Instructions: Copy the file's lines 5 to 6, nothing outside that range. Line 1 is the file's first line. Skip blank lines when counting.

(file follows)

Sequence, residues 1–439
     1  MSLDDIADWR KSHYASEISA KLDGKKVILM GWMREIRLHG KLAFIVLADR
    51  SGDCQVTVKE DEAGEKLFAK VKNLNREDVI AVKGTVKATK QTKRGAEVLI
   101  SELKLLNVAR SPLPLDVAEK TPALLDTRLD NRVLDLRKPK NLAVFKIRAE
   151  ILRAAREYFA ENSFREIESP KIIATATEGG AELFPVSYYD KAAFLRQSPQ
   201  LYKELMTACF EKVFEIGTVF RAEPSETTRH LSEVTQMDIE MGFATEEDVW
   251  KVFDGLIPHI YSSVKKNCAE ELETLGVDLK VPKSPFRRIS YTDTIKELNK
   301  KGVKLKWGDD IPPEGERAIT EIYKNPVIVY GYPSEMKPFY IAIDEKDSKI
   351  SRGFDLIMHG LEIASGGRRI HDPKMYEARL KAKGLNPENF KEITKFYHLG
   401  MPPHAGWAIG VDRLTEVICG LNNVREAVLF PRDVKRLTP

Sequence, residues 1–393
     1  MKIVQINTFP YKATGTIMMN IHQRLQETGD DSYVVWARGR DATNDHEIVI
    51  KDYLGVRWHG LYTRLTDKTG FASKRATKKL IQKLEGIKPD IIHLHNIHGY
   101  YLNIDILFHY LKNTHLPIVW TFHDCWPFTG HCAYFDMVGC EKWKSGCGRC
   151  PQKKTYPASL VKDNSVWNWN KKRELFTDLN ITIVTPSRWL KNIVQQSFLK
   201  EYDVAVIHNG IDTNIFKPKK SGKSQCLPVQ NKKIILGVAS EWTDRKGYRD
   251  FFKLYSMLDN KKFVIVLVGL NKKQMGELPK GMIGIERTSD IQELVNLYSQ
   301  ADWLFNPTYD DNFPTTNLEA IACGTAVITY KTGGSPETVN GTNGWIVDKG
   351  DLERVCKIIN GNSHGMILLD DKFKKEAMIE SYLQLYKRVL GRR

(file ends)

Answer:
   151  ILRAAREYFA ENSFREIESP KIIATATEGG AELFPVSYYD KAAFLRQSPQ
   201  LYKELMTACF EKVFEIGTVF RAEPSETTRH LSEVTQMDIE MGFATEEDVW